There won’t be any pilgrims aboard the Mayflower when it sails across the Atlantic in 2020. In fact, there won’t be anyone aboard the ship, as this research vessel will be entirely unmanned. The wind- and solar-powered Mayflower Autonomous Research Ship (MARS) will sail itself from Plymouth, England to Plymouth, Massachusetts on the 400th anniversary of the original ship’s journey to the new world.
MARS is the output of Project MARS, a partnership between Plymouth University, autonomous craft specialist MSubs and yacht manufacturer Shuttleworth Design. The trimaran – that’s a boat with three hulls – is designed to be an impressive and capable marine vessel, measuring 32.5 meters (106.6 feet) long and 16.8 meters (55.1 feet) across. MARS will sport a glass/aramid/foam composite hull and a carbon composite deck tough enough to protect its expensive research equipment from the dangers of the open sea.
Technically, it’s a sailboat, so the vessel will be wind-powered up to an estimated 20 knots (23 mph) when the breeze is good. Other times, its solar-powered electric motor will propel the craft up to 12.5 knots (14 mph). Based on distance alone, these speeds mean MARS could complete the ocean crossing in as little as a week or 10 days, but project engineers say it will realistically take longer, possibly as long as a few months, because of all the research tasks the vessel will tackle along the way. The ship will work to gather data for a variety of investigative purposes, including meteorology, oceanography and climatology.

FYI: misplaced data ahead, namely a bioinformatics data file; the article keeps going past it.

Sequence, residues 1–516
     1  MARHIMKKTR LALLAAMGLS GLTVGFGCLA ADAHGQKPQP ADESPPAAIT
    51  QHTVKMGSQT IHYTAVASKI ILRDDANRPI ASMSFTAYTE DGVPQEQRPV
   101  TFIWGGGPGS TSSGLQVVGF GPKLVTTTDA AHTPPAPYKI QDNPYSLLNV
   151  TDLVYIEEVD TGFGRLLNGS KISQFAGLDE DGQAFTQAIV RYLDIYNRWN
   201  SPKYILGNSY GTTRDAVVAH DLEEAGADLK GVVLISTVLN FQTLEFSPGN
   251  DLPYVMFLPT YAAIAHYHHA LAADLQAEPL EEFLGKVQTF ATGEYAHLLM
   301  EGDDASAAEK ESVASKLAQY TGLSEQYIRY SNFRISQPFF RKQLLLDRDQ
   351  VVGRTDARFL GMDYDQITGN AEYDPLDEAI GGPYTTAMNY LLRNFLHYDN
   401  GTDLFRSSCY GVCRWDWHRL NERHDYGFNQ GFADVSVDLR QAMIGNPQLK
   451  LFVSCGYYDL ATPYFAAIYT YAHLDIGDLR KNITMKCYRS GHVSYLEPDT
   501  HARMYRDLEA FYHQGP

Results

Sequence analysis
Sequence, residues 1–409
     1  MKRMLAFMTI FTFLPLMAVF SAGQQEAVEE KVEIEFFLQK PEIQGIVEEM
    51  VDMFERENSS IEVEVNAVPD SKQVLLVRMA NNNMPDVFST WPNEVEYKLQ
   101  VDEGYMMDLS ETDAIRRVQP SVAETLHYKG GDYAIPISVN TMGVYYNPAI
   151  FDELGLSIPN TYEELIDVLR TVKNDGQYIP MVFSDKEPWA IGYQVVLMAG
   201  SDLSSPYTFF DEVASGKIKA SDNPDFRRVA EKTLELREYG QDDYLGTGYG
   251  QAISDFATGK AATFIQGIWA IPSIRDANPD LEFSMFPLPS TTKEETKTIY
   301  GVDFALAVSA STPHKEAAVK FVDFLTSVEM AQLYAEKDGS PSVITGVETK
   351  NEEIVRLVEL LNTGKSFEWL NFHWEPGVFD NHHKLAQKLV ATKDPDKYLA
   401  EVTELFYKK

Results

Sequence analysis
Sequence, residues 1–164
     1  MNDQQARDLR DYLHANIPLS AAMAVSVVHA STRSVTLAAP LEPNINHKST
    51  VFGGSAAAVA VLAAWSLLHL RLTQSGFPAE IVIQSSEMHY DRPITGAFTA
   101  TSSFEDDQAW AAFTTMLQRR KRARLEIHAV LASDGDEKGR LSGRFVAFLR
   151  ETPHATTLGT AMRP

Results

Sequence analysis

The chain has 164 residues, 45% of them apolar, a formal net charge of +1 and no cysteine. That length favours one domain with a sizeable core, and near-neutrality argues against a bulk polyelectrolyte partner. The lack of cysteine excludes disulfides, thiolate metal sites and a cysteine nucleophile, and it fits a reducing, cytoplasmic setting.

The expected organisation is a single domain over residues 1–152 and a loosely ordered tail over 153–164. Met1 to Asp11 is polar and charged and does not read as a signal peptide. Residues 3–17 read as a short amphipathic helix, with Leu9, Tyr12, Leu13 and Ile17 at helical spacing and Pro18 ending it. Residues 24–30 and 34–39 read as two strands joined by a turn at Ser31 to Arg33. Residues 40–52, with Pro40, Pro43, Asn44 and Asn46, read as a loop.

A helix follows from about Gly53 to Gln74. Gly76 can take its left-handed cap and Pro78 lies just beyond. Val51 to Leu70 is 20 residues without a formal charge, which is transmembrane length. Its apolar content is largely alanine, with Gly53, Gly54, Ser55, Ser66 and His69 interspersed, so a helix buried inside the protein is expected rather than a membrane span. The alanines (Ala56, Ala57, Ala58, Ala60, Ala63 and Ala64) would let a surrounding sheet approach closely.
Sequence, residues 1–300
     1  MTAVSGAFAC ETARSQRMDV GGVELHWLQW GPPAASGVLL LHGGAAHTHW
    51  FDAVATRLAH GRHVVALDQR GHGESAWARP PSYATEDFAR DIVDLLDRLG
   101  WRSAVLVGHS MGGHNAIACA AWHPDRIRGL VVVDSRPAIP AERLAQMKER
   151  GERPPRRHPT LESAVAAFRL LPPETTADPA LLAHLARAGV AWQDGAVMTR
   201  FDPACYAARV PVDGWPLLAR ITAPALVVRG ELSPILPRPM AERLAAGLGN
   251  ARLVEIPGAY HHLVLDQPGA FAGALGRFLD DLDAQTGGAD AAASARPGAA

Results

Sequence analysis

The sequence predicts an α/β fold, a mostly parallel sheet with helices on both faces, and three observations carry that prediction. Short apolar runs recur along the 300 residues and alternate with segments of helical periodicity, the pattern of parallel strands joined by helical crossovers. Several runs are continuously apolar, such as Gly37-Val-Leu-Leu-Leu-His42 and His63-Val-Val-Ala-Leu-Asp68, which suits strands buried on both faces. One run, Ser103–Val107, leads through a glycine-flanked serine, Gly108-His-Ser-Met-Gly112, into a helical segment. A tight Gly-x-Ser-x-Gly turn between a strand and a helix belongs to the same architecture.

Oh, and to conduct some of that research, MARS will need a little help. Since there aren’t any hands on deck to do that, this drone ship will launch and recall flying drones of its own.
Images via Shuttleworth Design